But I’m not going to take advice on whether I can get cancer from a hazardous substance in my home from some random guy on the internet.

You don’t see how pulling up tile can make the stuff airborne?

Like I said, doesn’t matter. I don’t take advice of this kind from random strangers on the internet, and nobody should.

(Yes, I know I gave advice too - but what I meant was don’t pull them up unless an expert says its okay).

Well sure I can see how, potentially, you could break a tile or two. But it’s not going to hurt you.

An expert will charge you a couple grand, tent your basement with plastic, and walk in there with a respirator and Tyvek suit.
My point is that if it’s pulling up a few tiles that’s keeping the guy from having a nice finish on his floor, it’s probably nothing that he really needs to worry about.

Sure it’s not.

Yep, it’s all a scam!

Probably. But he shouldn’t be asking us that before he decides.

Let that sleeping tile lie, keep the tiles in the dark, a floating floor sound slike the next best thing. What about lead paint? Old house, maybe with lots of coats of paint, can assume it’s there too.

ANother tack, check out local programs that might help homeowners mitigate these hazards in your home…esp if young childeren are in the home.

aaack asbestos in the basement!!!:wink: your own little shop of horrors…:stuck_out_tongue:

Even without asbestos, it’s so much easier! Pulling up tile sucks. If it’s an issue with the tile not sticking due to moisture, pulling it up and gluing or mortaring down something new could just have the same problem. Hence floating floor.

Another option - this kind of underlayment made for wet floors:

I have taken up several floors. Usually the old tile comes up quickly. I was a little late to one group project. The tile was mostly up except for a few stubborn ones. My torch made quick work of them.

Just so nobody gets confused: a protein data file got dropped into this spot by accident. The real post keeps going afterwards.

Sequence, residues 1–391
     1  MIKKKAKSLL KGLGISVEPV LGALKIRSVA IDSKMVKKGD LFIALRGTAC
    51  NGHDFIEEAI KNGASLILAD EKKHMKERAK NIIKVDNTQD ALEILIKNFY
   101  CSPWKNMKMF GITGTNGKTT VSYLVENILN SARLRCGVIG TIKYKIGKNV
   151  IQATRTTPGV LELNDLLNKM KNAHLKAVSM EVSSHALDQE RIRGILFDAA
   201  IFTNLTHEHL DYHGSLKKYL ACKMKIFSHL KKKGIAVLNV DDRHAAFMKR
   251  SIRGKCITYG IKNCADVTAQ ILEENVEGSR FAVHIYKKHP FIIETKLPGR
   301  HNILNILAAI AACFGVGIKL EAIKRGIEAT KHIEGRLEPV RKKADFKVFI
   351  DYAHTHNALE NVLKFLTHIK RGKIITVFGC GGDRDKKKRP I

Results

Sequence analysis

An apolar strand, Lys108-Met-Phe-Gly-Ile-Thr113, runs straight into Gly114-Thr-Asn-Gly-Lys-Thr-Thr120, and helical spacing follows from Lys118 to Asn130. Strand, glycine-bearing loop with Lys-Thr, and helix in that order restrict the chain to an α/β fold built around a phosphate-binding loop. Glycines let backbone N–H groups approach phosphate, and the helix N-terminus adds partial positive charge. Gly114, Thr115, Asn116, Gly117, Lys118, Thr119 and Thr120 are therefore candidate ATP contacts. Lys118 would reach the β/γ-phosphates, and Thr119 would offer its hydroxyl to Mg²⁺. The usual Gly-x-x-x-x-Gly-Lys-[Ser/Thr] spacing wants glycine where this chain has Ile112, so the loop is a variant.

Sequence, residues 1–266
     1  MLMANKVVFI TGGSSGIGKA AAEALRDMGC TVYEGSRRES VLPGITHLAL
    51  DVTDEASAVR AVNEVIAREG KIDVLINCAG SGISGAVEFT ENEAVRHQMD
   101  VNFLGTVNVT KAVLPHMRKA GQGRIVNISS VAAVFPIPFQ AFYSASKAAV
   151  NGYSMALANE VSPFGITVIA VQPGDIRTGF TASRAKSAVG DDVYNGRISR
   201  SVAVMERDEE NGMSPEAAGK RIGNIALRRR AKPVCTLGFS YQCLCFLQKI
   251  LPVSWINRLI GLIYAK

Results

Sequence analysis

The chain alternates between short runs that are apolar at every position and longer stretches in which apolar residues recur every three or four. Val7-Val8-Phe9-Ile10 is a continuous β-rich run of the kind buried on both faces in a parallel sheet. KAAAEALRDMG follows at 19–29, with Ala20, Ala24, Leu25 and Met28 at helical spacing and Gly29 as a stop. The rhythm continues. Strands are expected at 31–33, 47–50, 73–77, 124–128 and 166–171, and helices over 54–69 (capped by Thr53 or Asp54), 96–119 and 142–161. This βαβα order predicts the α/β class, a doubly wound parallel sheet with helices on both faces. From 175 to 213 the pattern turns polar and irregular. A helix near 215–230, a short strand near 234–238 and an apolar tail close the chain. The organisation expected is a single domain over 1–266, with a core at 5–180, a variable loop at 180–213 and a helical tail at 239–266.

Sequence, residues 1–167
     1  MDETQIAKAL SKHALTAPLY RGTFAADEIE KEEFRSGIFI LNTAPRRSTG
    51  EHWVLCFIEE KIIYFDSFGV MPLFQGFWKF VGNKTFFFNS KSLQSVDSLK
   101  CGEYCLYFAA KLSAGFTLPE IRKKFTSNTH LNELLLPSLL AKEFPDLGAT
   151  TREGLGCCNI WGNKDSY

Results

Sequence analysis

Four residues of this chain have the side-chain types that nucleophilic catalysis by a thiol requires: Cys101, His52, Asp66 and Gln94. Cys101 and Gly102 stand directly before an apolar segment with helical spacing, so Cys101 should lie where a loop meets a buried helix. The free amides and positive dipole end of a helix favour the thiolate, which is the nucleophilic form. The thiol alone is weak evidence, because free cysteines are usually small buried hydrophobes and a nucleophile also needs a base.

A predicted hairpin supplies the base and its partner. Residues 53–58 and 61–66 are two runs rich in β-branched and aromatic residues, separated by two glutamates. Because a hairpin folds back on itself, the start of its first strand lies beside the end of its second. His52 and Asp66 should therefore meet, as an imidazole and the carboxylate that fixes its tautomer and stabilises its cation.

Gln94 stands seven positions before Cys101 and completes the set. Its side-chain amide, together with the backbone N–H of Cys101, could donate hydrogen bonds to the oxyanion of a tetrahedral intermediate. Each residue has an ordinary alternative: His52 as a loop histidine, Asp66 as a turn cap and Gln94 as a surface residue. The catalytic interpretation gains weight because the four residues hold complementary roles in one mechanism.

Why do it in this case though? Just put the new floor over the old. No asbestos, no extra work.

I lost track of this thread for a bit… thanks for all the responses.

My reluctance to pull the tile is probably 50-50 on the tile being asbestos and it just being a pain in the ass. The area I am cleaning up is probably, oh, 150 square feet, so my thought was simply going over the tile would save a lot of work.

I will check out the floating floors and the Dricore stuff some more. I’m still working on cleaning and repainting the walls right now, and my motivation to make progress has waned slightly with the heat. I’ll probably start dealing with the floor in a couple weeks.

I am a trained in asbestos abatement and can clarify some facts in the asbestos removal debate.
Vinyl asbestos floor tile is classified as a non-friable asbestos product. The asbestos fibres are bound or locked into the product matrix, so that the fibres are not readily released. Such a product would present a risk for fibre release only when it is subject to significant abrasion through activities such as sanding or cutting with electric power tools.
Removal of these tiles is considered a Type 1 operation which is defined as one that does not generate appreciable levels of airborne asbestos and generally presents little hazard to workers or bystanders.

What this means is that with hand tools it is virtually impossible for you to create particles small enough to become airborne and potentially enter into your lungs.

A small area of 150 sq. feet is a small enough project that you could perform the work yourself or if you are uncomfortable you could hire a professional.

Personally, I would remove the asbestos because the potential hazard in the future.
I believe that The Brotherhood of the Right Way would agree with me that burying the asbestos under another floor is not the conscientiousness thing to do.

Also, count me as another vote for Dricore or for larger areas, Platon with 5/8" OSB.